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Saturday’s game vs. Bills—first look

Saturday’s game vs. Bills—first look

The Washington Redskins have left behind the glow of Canton and the combined QB rating of 147.2 that Campbell, Collins, Brennan and Devine laid on the Colts' scrubs. They now turn their attention to their Saturday night preseason game against the Buffalo Bills.

As you are all sophisticated Redskins fans, you know that teams do not prepare for August games the way that they do for games played in September. There will be no endless film study to determine tendencies or to find a tell in a player's stance. None of the backup quarterbacks will be running around with a scout team imitating Trent Edwards or (shudder) J. P. Losman (that could do permanent damage).

Instead, the Redskins will work on their plays and on their defensive alignments, paying scant attention to how Dick Jauron and his coaching staff do the same.

Part of the game planning is planning who will play and how much. There will be a few variations from what we saw on Sunday but since this really is the second playing of their first preseason game (like the 31 other NFL teams they have four to go), don't expect a whole lot of difference.

It looks like the first team offense is on the same pattern as they were last Sunday. They'll go one series, two if that first one is brief due to either ineffectiveness or, as happened against the Colts, exceptional efficiency (a three-play touchdown drive).

Todd Collins will then take the wheel for the rest of the first half. He hopes he can hold onto it given that he will be protected by an offensive line that is makeshift even by preseason standards. Injuries to Stephon Heyer (knee) and Todd Wade (ankle), the two primary backups at tackle, have forced the patchwork. Forming the wall for Collins with be, from left to right, Chad Reinhardt, Tavares Washington, Justin Geisinger, Jason Fabini, and Devin Clark.

The unit has a combined 145 games of NFL playing experience, all of them belonging to Fabini.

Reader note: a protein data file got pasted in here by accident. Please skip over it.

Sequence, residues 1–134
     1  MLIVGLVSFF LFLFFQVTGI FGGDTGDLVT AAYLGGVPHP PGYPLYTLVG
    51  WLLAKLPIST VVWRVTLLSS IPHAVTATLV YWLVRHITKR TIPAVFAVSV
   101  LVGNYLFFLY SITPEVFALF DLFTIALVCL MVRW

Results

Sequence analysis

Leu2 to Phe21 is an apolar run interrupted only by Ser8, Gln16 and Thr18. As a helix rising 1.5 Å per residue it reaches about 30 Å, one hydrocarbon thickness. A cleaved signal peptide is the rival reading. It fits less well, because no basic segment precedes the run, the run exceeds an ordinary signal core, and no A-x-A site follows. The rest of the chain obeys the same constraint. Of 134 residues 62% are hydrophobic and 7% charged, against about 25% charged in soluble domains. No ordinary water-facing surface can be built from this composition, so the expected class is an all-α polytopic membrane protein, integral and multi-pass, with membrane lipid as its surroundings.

Collins likely will be doing a lot of handing off to Marcus Mason and Rock Cartwright, who again will carry the load all game long at running back.

On the defensive side of the ball, the crowd at FedEx Field should be treated to the sight of Jason Taylor making his Redskins debut. Don't be in line getting a hot dog or beer, however; his workload will consist of about a half a dozen plays. London Fletcher will participate about the same number of snaps.

The biggest difference from the HOF game will be that punter Derrick Frost will get his turn to audition for his job. Durant Brooks handled all of the punting and holding duties against Indy and this is Frosty's game.

Join me for a live blog of Saturday's preseason game. Go here for details.

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Eagles' Michael Bennett allegedly injured elderly worker; arrest warrant issued

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Eagles' Michael Bennett allegedly injured elderly worker; arrest warrant issued

Philadelphia Eagles lineman Michael Bennett has been indicted on felony abuse for allegedly pushing an elderly NRG Stadium worker during Super Bowl LI.

Bennett was indicted by the Harris County, Texas district attorney's office for injury to the elderly — which is intentionally and knowingly causing injury to a person 65 years or older, according to a press release from the Harris County Sheriffs' Office.

A warrant has been issued for Bennett's arrest.

The 66-year-old paraplegic stadium worker was attempting to control field access when Bennett allegedly pushed her. 

The maximum penalty Bennett faces is ten years in prison in addition to a $10,000 fine.


Bennett — whose brother Martellus played in that Super Bowl for New England — was a member of the Seattle Seahawks during the incident and was in attendance as a noncompetitive player.